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Intermolecular Forces and Liquids and Solids PowerPoint Presentation
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Intermolecular Forces and Liquids and Solids

Intermolecular Forces and Liquids and Solids

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Intermolecular Forces and Liquids and Solids

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  1. Intermolecular Forces and Liquids and Solids Chapter 11

  2. A phase is a homogeneous part of the system in contact with other parts of the system but separated from them by a well-defined boundary. 2 Phases Solid phase - ice Liquid phase - water 11.1

  3. Generally, intermolecular forces are much weaker than intramolecular forces. Intermolecular Forces Intermolecular forces are attractive forces between molecules. Intramolecular forces hold atoms together in a molecule. • Intermolecular vs Intramolecular • 41 kJ to vaporize 1 mole of water (inter) • 930 kJ to break all O-H bonds in 1 mole of water (intra) “Measure” of intermolecular force boiling point melting point DHvap DHfus DHsub 11.2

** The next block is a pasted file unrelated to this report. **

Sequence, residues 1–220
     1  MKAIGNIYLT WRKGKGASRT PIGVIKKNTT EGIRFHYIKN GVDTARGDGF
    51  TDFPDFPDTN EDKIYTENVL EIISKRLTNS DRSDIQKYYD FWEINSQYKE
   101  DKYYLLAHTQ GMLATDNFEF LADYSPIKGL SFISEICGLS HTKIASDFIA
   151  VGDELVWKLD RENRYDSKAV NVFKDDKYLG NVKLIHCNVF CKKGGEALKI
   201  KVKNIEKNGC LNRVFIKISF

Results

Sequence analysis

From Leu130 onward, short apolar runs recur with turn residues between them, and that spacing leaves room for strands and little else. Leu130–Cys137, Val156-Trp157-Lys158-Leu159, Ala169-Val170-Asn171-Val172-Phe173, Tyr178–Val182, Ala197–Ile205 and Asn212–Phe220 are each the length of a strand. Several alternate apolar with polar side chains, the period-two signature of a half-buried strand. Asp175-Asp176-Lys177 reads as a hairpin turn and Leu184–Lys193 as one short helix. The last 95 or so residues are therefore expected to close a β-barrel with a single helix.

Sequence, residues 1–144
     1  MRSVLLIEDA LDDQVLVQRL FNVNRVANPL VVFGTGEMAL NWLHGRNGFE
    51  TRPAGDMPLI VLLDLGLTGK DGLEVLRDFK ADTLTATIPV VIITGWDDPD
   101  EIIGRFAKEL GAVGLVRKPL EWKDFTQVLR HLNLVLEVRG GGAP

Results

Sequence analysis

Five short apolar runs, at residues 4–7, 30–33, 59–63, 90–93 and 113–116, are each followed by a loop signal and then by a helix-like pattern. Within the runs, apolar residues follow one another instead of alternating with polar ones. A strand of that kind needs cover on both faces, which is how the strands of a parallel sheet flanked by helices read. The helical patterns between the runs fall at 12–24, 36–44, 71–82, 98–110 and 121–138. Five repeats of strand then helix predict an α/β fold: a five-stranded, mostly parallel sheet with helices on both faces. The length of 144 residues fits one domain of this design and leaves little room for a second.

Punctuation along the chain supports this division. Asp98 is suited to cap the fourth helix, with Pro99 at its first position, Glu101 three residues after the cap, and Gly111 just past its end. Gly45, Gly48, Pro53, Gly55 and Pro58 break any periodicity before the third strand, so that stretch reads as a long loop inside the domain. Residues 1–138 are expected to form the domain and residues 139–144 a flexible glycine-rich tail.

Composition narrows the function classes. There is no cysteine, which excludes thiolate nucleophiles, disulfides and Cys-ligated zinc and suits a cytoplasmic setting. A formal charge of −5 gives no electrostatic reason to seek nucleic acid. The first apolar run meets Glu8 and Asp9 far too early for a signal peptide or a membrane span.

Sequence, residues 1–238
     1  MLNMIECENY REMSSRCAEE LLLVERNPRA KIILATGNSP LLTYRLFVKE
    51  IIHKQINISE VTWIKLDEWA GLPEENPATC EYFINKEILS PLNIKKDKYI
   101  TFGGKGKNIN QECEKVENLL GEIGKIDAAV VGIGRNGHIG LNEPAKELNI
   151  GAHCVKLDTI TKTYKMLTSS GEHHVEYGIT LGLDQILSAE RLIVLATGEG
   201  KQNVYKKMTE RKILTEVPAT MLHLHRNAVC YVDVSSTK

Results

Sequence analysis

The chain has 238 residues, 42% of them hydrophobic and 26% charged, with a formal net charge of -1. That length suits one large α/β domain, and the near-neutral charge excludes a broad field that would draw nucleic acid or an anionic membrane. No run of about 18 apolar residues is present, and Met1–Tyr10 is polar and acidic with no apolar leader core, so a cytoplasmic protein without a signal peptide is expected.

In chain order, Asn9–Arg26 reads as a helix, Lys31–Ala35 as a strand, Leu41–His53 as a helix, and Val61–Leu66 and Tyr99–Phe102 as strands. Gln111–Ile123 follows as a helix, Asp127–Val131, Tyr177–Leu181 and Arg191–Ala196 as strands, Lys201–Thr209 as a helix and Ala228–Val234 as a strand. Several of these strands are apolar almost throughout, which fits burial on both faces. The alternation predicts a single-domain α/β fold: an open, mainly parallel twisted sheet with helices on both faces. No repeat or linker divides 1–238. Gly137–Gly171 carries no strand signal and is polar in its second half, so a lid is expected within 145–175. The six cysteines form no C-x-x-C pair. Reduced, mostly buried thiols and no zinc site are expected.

4. or … … H H B A A A Types of Intermolecular Forces 1. Hydrogen Bond (strongest) The hydrogen bond is a special dipole-dipole interaction between the hydrogen atom in a polar N-H, O-H, or F-H bond and an electronegative O, N, or F atom. IT IS NOT A BOND. A & B are N, O, or F 11.2

  5. Hydrogen Bond 11.2

  6. Decreasing molar mass Decreasing boiling point Why is the hydrogen bond considered a “special” dipole-dipole interaction? 11.2

  7. Ion-Dipole Interaction Types of Intermolecular Forces 2. Ion-Dipole Forces Attractive forces between an ion and a polar molecule 11.2

  8. 11.2

  9. Orientation of Polar Molecules in a Solid Types of Intermolecular Forces 3. Dipole-Dipole Forces Attractive forces between polar molecules 11.2

  10. Types of Intermolecular Forces 4. Dispersion Forces – van der Walls forces/London forces (weakest) Attractive forces that arise as a result of temporary dipoles induced in atoms or molecules ion-induced dipole interaction dipole-induced dipole interaction 11.2

  11. Dispersion forces usually increase with molar mass. Intermolecular Forces 4. Dispersion Forces Continued Polarizability is the ease with which the electron distribution in the atom or molecule can be distorted. • Polarizability increases with: • greater number of electrons • more diffuse electron cloud 11.2